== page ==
Lots of lines – what do they tell us?
This graph shows the weekly rates of certain benefits payable to claimants. This is the amount that an individual was paid, but not necessarily the amount they actually got to spend. Some people claimed multiple benefits; and many came under taxation as time went on. The focus on disability benefits is because the data are taken from my PhD research.
Here are a few bullet points, explaining the reasons for the fluctuations and what we might learn from them:
- On the main interpretation, we can show that on the whole the real value of benefits declined substantially in the 1980s, recovering by the early 2000s. At the same time (not on this graph), the expenditure on welfare benefits continued to rise, suggesting that far more people were claiming even as benefits became “less generous”.
- In the sixties benefits were only “uprated” every two years, creating a cool shark-tooth pattern.
- But the rate was linked to average earnings, so the real rate of the benefits rose considerably over the decade.
- Inflation hit people hard in 1970/71, and the government moved to an annual uprating system. This produced an even more considerable rise over the 1970s.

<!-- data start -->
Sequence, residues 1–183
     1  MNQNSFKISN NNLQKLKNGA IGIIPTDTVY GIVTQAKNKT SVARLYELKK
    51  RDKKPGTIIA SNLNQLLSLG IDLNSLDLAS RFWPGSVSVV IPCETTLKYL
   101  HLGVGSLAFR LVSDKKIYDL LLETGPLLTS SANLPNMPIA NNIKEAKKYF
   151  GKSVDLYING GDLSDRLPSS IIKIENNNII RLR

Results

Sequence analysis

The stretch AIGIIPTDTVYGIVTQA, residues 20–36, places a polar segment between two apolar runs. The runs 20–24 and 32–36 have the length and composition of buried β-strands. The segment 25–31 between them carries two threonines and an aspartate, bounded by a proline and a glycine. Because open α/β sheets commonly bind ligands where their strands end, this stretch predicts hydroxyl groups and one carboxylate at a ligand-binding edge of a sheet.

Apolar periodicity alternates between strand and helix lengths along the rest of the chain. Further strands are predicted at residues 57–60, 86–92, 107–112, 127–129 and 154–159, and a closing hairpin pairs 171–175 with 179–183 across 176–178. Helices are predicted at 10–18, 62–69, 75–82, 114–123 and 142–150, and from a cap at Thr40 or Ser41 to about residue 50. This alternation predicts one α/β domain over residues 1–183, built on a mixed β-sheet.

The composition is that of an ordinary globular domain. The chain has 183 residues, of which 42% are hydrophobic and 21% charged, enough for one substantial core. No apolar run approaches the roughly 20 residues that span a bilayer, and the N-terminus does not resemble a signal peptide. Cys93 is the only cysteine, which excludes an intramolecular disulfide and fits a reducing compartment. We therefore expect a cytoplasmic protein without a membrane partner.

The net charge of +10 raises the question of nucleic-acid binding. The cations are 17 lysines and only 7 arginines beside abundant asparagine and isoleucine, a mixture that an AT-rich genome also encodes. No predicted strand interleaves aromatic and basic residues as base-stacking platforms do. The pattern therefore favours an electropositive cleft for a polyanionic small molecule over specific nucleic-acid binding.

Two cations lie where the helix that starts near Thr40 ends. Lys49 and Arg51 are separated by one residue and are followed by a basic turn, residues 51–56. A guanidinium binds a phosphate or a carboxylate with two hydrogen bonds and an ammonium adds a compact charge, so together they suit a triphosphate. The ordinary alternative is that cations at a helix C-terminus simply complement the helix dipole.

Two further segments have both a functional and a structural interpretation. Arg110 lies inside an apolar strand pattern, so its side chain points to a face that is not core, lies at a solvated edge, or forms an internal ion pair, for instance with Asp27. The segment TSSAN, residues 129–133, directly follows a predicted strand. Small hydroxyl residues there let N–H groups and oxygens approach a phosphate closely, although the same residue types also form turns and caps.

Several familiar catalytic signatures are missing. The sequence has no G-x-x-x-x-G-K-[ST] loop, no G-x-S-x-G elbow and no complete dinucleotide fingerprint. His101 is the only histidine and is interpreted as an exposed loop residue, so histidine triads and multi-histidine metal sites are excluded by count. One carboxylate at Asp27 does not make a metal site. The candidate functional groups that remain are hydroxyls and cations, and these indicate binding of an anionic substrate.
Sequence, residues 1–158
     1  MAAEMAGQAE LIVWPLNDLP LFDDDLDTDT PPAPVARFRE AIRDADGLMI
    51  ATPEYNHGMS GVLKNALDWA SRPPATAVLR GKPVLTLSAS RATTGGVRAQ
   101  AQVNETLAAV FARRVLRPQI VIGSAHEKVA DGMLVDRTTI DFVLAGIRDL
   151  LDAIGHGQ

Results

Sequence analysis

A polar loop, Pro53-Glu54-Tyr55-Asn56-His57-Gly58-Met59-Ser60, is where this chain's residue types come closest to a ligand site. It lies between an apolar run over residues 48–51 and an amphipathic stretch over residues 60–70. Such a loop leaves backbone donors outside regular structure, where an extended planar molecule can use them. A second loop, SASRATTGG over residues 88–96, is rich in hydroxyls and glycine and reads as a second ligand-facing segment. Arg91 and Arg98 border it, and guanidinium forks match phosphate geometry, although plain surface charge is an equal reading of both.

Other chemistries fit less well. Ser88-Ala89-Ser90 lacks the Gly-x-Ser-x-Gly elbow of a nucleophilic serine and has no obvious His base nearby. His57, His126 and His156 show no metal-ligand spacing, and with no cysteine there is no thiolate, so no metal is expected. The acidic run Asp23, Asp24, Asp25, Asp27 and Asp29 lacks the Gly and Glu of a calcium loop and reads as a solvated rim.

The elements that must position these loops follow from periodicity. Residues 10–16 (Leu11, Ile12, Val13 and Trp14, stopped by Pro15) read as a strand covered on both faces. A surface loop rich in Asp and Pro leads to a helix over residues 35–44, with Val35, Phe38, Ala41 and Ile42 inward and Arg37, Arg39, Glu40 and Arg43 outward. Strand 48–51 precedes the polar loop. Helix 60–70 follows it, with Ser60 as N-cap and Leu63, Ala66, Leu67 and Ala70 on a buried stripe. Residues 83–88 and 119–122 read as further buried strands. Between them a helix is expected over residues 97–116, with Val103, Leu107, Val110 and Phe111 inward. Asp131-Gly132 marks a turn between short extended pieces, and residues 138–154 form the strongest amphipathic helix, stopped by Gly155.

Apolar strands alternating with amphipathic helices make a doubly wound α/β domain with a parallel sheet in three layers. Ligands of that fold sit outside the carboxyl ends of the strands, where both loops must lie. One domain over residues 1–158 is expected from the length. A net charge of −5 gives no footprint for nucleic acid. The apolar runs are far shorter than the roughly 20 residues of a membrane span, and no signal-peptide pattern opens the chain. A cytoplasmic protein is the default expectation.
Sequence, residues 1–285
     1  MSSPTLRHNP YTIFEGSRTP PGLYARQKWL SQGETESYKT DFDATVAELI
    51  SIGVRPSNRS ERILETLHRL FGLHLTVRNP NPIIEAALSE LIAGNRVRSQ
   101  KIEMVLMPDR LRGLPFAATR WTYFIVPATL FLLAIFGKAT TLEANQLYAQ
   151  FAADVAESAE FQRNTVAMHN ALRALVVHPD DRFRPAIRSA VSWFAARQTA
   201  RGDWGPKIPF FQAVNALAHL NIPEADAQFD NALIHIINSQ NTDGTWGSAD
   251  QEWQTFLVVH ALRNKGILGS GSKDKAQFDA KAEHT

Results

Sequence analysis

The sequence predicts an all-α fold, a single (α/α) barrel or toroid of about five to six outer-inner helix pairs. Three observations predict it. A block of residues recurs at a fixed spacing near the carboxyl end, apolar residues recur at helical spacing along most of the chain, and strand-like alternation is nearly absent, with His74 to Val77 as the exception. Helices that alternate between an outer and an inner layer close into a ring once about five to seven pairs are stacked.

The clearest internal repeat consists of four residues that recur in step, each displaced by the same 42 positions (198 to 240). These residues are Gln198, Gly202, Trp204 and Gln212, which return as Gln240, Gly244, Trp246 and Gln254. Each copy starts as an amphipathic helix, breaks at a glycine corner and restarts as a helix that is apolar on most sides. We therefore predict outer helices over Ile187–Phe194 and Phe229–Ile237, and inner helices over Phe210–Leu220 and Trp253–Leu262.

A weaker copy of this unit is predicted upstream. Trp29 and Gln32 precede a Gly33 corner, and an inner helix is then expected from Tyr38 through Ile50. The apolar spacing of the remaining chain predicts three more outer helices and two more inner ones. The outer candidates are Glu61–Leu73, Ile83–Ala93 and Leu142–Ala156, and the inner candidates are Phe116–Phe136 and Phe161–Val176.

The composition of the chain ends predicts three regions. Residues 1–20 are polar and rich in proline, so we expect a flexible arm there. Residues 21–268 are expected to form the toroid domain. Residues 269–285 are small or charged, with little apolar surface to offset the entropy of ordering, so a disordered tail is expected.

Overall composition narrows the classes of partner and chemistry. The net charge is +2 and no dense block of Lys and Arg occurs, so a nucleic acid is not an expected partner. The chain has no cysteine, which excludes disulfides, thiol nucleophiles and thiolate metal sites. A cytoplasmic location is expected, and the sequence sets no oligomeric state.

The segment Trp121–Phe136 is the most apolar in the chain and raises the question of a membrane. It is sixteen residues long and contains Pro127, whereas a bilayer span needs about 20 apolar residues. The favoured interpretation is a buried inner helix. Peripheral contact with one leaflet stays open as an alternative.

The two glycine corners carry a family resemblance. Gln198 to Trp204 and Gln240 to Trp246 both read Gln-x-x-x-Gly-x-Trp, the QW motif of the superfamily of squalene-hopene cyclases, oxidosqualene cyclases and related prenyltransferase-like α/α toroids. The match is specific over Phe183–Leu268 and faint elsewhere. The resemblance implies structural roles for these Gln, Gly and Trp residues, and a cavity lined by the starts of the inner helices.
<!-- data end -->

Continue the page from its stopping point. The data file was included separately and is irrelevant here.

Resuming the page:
- Inflation was so bad in the mid 70s that spending cuts and rising prices forced the real value of benefits down.
- Almost all benefits reached their “peak” rate in 1979/80, the last financial year of the Callaghan Labour Government. After that, rates were controlled by the Conservative government, resulting in a more steady rate of change. The earnings link was abolished for many benefits as the decade went on, with inflation the only concern.
- After 1985/86, harsher measures saw the real value of benefits take a big hit.
- You’ll notice how war pensioners and industrial injuries claimants received far more than the general invalidity and incapacity benefits.
- Note also that there are only two benefits worth more in 2002 than in 1980 in this graph. The first is the war pensions, which were greatly increased under Major to support veterans. The other is retirement pension, which was not wedded to inflation at the time – in 2002, we actually had deflation in the UK.
When Major took over, benefit rates increased substantially. However, both Major and Blair appear to have had similar approaches to benefit rates, with prices stabilised at just under the 1979/80 levels by 2002.
My overall point would be that gross expenditure on benefits is misleading – the Conservatives regularly claimed that they were generous based on the billions their governments spent on social security. On the other hand, you could use this argument to criticise Labour for having more generous benefit rates that served fewer people. (Ignoring, of course, issues such as an ageing population, unemployment rates, awareness of entitlement, and so on).
The issue is how much each individual receives and whether that amount is adequate. It is not enough to spend money – it’s where you spend it. Both the right and the left need to look beyond headline statistics and actually examine whether coverage is adequate. Not cherry pick the figures that make them look good.